Baskins says, “Fortunately on that one, it was fairly minor injuries and he was treated and released from the hospital in Oskaloosa.”

He says these and any other accidents with guns can be prevented and stresses again that at this time of year when you have a lot of hunters out in the fields, it’s important to always review where everyone is going to be and review your safety procedures. “One of the unfortunate things about hunting, is once you pull that trigger, you really can’t take that shot back,” Baskins says.

The DNR survey shows the pheasant numbers are up this year, but Baskins says a couple of things may’ve help the birds survive the first weekend. “It was kind of an interesting, unusual pheasant opener for us as it was unseasonably warm, and we do still have some crops in the field,” he explains. “If we get those crops out, those birds are going to be much more accessible.”

That warm weather played against hunters and their dogs in favor of the birds. “In pheasant hunting a lot of times you are really depending on those dogs, and when it gets warm like this it is really hard for those dogs to work very long, they get overheated fairly rapidly in that kind of heat,” Baskins explains.

Baskins says the good news is there should be more birds later in the season this year, as the ones who escaped in standing crops and benefited from tired dogs will still be out there.


State adds college certification to Home Base Iowa program for veterans (Audio)

Brigadier General Steve Altman of the Iowa National Guard.

Brigadier General Steve Altman of the Iowa National Guard.

Governor Terry Branstad announced another component of the “Home Base Iowa” program today which allows Iowa colleges and universities become certified to educate veterans in an effort to lure them to the state. Branstad says the schools must follow certain requirements to become a Certified Higher Academic Military Partner or CHAMP.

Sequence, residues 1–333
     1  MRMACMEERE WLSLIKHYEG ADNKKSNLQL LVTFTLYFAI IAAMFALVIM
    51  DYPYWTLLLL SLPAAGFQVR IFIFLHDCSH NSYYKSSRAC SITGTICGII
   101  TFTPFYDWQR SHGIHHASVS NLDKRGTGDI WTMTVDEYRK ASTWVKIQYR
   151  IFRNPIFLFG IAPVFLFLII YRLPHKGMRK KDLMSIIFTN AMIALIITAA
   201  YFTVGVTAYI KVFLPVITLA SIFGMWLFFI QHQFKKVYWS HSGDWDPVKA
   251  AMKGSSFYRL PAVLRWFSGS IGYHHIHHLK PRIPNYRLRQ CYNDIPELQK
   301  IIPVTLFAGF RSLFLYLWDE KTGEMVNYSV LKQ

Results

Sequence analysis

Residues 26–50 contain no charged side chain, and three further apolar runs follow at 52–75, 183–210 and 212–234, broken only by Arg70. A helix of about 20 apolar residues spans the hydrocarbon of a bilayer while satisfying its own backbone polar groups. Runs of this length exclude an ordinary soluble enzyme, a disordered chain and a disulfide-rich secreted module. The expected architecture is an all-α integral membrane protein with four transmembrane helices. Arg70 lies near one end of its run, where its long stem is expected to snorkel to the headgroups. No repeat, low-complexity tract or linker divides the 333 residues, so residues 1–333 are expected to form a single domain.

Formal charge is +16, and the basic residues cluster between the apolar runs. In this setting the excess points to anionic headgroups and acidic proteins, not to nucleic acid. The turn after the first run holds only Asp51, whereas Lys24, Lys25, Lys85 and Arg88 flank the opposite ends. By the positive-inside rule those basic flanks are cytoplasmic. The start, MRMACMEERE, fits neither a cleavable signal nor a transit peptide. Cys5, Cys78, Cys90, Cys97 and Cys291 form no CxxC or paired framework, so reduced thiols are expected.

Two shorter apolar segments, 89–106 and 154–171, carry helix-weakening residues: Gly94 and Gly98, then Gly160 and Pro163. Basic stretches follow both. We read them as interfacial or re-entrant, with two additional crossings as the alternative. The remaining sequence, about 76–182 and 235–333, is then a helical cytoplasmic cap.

“It will provide a series of on-campus veterans resources, demonstrate an understanding of the transitions that service members need to go through with practical solutions to help them make the change from military life to academic life, and demonstrate an awareness of the financial challenges that transitioning active service members may be experiencing,” Branstad explains.

Three schools, Upper Iowa University in Fayette, Des Moines Area Community College (DMACC) and Mount Mercy College in Cedar Rapids have already become certified for the program. The governor says many more schools have expressed interest and are hoping to become certified.

Iowa National Guard Brigadier General Steve Altman says the addition of the certification program for colleges adds to what is already a good program. “I’d like to thank all the institutes of higher education for their efforts in making it really seamless for service members to bring their military transcripts to the state and get the maximum credit for it, allowing them to expedite their transition from schooling and getting degrees, to entering the workplace so much faster,” Altman says.

He says CHAMP will get the attention of military members who are leaving the service. “I believe that the education pillar will be a great boon for all of our service members and it will make Iowa the state of choice as they transition,” Altman says.

Kathy Anderson

Kathy Anderson

Homebase Iowa program manager, Kathy Anderson, talks about the things the CHAMP program provides to former service members.

“Early registration, all types of things, taking a look at their record to make sure their academic credit transfers,” Anderson says. “All of those things can be really important and really critical for that transition for the military member.”

The governor says 495 veterans have been hired since Home Base Iowa was enacted in July. Anderson was asked if those are service members who would have returned to Iowa anyway. Anderson says she doesn’t have the exact breakdown of how many are Iowans, as she says employers don’t keep track of that.

“We are having veterans, transitioning military members, who could have considered going anywhere. And they’re seeing what we have to offer in Iowa now through so many of the facets of the Home Base Iowa Act,” according to Anderson. “But, now with the businesses making a committed effort to hire veterans — with 5,000 pledges to hire veterans. I would argue that we may be capturing Iowan’s back as well, but I would argue that that is a fantastic thing and that is something that we would certainly want.”

For more information on the program, go to www.HomeBaseIowa.org

Audio: Discussion of CHAMP program. 20:12